Nearly two years after replacing the artificial dyes in its cereals with natural options like tumeric and blueberry juice, General Mills Inc. has learned it's really hard to replace Red Dye No. 40 - both in cereal bowls and Trix lovers' hearts. So the Golden Valley-based food company is switching back - sort of.
People love food, but increasingly that love doesn't translate into cooking. And that's bad news for companies that either make food or sell it. That's the argument put forward by Eddie Yoon in the Harvard Business Review as he compares results from two consumer surveys he conducted on cooking, 15 years apart. One big standout: The number of people who love to cook dropped by one-third, from 15 percent to 10 percent.
Delta Air Lines Inc. is suing the creators of a mystery website called DeltaPetTransit.com, which uses Delta logos and promises to arrange flight services for pets but actually does nothing, the airline says. The Associated Press reports on the lawsuit by Atlanta-based Delta (NYSE: DAL) against DeltaPetTransit.com and its unknown operators. The site was set up through a service that conceals its creators' identities, but Delta says they'll be revealed in the course of of the lawsuit.
Muck Rack makes it simple to find people, tweets, or articles that mention any name, keyword, company, hashtag etc. We've compiled this guide to help you make the most of your search.
Selecting a term
Start searching tweets, articles from media outlets, articles mentioned in tweets, journalists'
names, titles and bios with some suggested searches:
Companies or Topics (e.g. iPhone, Microsoft)
Phrases (e.g. "cloud computing") — use quotes to keep the terms together
Twitter handles (e.g. @username) — returns those who have mentioned or replied to
Names (e.g. "David Pogue")
Hashtags (e.g. #sxsw, #london2012)
Bio details (e.g. vegan, Olympics, father)
Muck Rack's Advanced Search allows for many boolean operators.
Find results that mention multiple specified terms, use AND or
+. For example, ensure each result contains both Elon Musk and Mark Zuckerberg by
searching Obama AND Romney or Obama + Romney.
Use the operators OR or , to broaden your search when you'd like either of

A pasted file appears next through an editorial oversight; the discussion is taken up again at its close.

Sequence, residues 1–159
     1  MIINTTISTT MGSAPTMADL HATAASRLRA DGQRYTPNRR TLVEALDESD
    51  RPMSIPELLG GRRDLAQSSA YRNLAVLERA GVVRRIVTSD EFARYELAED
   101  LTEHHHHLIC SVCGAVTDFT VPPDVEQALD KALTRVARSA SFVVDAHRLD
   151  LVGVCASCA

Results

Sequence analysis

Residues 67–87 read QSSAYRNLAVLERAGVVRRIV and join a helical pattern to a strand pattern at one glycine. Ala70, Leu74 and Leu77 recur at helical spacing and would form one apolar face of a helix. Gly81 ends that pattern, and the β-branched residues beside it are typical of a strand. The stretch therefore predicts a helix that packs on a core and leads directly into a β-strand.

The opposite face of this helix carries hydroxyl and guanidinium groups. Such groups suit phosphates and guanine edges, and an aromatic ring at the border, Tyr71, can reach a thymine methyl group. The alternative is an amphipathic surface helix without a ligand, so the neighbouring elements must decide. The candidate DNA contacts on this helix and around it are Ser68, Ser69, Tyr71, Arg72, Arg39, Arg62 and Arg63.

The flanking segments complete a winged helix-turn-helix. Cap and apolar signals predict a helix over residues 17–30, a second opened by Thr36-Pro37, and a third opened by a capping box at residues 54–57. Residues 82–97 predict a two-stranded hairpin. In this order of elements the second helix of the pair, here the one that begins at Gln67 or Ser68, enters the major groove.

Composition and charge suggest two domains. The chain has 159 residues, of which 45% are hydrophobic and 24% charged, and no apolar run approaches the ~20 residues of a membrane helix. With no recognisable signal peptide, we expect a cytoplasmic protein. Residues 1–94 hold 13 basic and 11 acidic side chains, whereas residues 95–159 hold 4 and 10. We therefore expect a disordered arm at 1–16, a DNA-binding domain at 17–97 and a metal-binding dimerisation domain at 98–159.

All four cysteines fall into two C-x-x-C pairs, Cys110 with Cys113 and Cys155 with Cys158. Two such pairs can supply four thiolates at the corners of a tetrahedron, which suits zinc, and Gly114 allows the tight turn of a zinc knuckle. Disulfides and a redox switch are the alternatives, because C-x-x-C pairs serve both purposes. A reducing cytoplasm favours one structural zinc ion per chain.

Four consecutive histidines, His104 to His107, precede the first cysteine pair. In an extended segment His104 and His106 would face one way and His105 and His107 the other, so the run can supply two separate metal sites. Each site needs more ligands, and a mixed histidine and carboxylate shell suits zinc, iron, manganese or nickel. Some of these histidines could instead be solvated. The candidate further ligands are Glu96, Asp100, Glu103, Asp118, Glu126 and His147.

multiple terms to appear in results. (This is the default behavior of our search when no operators
are used.) For example, search for democrat OR republican to find results that refer to
Democrats and/or Republicans.
Use NOT or - to subtract results from your search. For
example, searching Disney will yield results about the Walt Disney Company as well as Walt Disney
World Resort. To exclude mentions of Disney World, search for Disney -World or Disney
When using one of these operators with a phrase, enclose it in quotation marks. For example, you can
find results about smartphones excluding Apple's iPhone 4S by searching smartphone -"iPhone
Exact case matching or punctuation
If you're searching for a brand name or keyword that relies on specific punctuation marks or capitalization, you can
find results that match your exact query by adding matchcase: before the keyword you're searching for, like matchcase:E*TRADE .
Use parentheses to separate multiple
boolean phrases. For example, to find journalists talking about having fun in Disney World or
Disneyland, search for ("disney world" OR disneyland) AND fun.
An asterisk can be used to search for any variation of a root word truncated by the asterisk. For example, searching for admin* will return results for administrator, administration, administer, administered, etc.
A near operator is an AND operator where you can control the distance between the words. You can vary the distance the near operation uses by adding a forward slash and number (between 0-99) such as strawberries NEAR/10 "whipped cream", which means the strawberries must exist within 10 words of "whipped cream".